A ten-year-old has been suspended from school for having the blade from a broken pencil sharpener in his possession:
The problem was his sharpener had broken, but he decided to use it anyway.The most reasonable thing to do: cancel the suspension and apologize.
A teacher at Hilton Head Island International Baccalaureate Elementary School noticed the boy had what appeared to be a small razor blade during class on Tuesday, according to a Beaufort County sheriff's report.
It was obvious that the blade was the metal insert commonly found in a child's small, plastic pencil sharpener, the deputy noted.
The boy — a fourth-grader described as a well-behaved and good student — cried during the meeting with his mom, the deputy and the school's assistant principal.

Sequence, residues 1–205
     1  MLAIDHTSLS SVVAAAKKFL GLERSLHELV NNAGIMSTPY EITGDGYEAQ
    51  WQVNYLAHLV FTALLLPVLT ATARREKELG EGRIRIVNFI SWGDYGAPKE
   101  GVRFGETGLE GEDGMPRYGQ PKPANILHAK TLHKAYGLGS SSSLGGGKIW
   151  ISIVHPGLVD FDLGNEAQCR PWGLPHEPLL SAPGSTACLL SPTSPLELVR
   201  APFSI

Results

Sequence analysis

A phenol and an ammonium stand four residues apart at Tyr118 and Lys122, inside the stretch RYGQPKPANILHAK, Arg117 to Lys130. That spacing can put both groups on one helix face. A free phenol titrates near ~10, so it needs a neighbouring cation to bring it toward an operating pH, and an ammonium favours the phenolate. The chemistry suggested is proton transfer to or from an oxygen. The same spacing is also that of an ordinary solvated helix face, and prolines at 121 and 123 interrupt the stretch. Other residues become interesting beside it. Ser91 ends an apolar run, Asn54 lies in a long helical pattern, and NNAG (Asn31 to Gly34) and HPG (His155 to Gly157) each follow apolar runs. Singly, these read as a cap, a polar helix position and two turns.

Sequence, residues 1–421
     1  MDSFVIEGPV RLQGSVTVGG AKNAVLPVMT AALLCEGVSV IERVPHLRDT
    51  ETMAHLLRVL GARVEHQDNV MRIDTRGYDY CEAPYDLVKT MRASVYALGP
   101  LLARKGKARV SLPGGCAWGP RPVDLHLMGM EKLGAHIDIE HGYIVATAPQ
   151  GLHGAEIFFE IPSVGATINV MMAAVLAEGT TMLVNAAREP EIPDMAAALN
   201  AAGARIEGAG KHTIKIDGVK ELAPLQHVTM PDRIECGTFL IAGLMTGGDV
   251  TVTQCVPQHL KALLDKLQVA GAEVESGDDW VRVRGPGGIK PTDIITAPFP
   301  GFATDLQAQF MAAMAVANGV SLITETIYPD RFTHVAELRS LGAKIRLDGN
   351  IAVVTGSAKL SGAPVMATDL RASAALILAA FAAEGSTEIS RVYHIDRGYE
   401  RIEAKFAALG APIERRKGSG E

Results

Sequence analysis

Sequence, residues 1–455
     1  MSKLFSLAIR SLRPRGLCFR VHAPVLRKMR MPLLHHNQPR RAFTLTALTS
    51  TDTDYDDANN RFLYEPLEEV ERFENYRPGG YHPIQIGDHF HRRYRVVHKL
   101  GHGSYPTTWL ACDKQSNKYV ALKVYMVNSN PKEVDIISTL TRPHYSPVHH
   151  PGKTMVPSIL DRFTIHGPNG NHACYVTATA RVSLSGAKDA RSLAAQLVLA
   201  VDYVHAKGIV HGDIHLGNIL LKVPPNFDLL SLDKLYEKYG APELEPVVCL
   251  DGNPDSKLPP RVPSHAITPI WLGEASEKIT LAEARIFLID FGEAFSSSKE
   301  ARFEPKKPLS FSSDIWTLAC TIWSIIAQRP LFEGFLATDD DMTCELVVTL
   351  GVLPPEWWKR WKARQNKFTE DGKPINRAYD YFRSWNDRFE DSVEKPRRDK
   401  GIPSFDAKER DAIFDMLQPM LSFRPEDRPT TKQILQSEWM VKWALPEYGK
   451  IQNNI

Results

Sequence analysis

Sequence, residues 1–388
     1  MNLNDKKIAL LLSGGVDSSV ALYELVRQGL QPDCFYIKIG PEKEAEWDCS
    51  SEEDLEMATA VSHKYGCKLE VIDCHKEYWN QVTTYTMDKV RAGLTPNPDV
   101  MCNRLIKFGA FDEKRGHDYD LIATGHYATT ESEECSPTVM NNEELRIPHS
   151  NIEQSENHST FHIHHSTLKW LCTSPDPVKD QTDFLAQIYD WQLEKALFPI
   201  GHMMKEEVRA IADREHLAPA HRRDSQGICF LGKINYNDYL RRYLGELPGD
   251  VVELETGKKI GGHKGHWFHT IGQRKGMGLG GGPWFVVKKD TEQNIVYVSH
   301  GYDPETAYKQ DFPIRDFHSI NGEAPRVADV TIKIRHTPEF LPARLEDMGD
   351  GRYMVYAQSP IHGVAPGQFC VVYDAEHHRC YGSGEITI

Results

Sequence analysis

He had no criminal intent in having the blade at school, the sheriff's report stated, but was suspended for at least two days and could face further disciplinary action.
District spokesman Randy Wall said school administrators are stuck in the precarious position between the district's zero tolerance policy against having weapons at school and common sense.
"We're always going to do something to make sure the child understands the seriousness of having something that could potentially harm another student, but we're going to be reasonable," he said.
Given recent incidents in which pencils and ballpoint pens have served as weapons, the war on broken sharpeners seems — sorry — pointless.
[And I'm thinking now of my grade-school friend Henry Rothstein, who once wrote with a broken-off point rather than sharpen.]
[Update, 10:15 p.m.: According to the police report, the boy is a "very good student and has not been in any previous trouble." He used the blade to sharpen "his pencil" (his only pencil?), a pencil one inch in length — too short of course to sharpen with a sharpener.
The key words for this story? They would seem to be humiliation and poverty.]